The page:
Payment protection insurance sale curbs approved
Banks will no longer be able to sell payment protection insurance policies when granting loans to customers, the Competition Commission has confirmed.
This "point of sale" ban was first proposed last year after a long investigation, but was held up by a challenge by Barclays bank.
PPI is supposed to cover borrowers' loan repayments if they fall ill, die, or lose their jobs.
Lenders will have to wait seven days before offering PPI to their customers.
The Competition Commission acknowledged that the sale restriction would inconvenience some customers who wanted the insurance.
But it argued that customers would be much better off overall.
"These reforms will mean that PPI providers will, in future, face real competition where there is currently little," said Peter Davis of the commission.
"And, in consequence, the prices consumers currently pay for PPI will fall significantly."
The restriction covers the sale of all forms of PPI - for instance alongside credit cards, mortgages and bank loans - but with the one exception of credit given to people who buy items through home catalogues.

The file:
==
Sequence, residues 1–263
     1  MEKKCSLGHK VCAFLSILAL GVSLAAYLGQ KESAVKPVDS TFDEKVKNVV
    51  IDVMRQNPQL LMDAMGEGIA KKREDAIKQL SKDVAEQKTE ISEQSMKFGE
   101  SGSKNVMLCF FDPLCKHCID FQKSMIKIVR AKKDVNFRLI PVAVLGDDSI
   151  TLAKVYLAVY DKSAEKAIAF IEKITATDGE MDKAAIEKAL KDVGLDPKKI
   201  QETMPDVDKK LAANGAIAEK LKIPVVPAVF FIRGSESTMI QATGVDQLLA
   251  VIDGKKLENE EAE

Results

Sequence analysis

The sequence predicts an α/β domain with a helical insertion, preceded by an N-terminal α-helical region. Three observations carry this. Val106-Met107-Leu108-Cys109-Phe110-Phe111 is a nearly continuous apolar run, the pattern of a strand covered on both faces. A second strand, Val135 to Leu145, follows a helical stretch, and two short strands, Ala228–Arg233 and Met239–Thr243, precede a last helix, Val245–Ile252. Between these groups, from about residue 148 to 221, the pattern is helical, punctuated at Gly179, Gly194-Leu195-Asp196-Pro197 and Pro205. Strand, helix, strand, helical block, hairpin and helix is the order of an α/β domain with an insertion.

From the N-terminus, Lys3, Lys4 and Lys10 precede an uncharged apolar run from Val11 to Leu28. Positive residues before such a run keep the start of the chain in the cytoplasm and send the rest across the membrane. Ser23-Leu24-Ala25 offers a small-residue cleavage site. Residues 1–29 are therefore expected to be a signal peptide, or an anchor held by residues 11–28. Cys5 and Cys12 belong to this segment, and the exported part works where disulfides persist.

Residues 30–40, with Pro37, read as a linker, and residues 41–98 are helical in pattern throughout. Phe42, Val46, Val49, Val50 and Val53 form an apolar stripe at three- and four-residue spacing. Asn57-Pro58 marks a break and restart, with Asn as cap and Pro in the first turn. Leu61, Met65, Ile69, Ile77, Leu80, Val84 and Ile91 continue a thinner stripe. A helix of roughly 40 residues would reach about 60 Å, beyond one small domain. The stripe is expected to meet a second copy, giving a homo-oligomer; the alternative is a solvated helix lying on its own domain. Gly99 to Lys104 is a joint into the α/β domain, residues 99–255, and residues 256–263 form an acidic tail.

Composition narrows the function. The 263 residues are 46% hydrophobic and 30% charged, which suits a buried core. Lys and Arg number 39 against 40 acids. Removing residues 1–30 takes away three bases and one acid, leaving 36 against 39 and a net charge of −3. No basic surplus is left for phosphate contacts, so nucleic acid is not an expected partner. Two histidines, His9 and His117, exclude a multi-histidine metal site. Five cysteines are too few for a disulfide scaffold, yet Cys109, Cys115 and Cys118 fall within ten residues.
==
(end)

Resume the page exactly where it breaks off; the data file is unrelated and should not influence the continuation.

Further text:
The implementation date has yet to be decided and the change will probably take another year to come into effect, once the commission has made its formal order.
PPI has become highly controversial after years of campaigning by consumer groups against the widespread mis-selling of the policies.
They accused banks and other lenders of foisting the insurance on millions of people, even if they could not make a claim under the terms of the policies, did not know what they were buying, or had been told improperly that buying the insurance was a requirement of being offered a loan in the first place.
The authorities, such as the Office of Fair Trading (OFT), Competition Commission and the Financial Services Authority (FSA), have been taking an increasingly critical view of PPI sales, which are now the biggest source of complaint to the Financial Ombudsman Service (FOS).
Last week, the UK's banks announced that they were taking legal action to thwart forthcoming FSA rules that would force them to re-open previously dismissed claims and pay compensation that might total as much as £2.7bn to 2.75 million people.
The FSA has so far taken action against 24 firms for mis-selling PPI and has already halted the sale of the policies alongside unsecured personal loans where a one-off upfront premium was involved.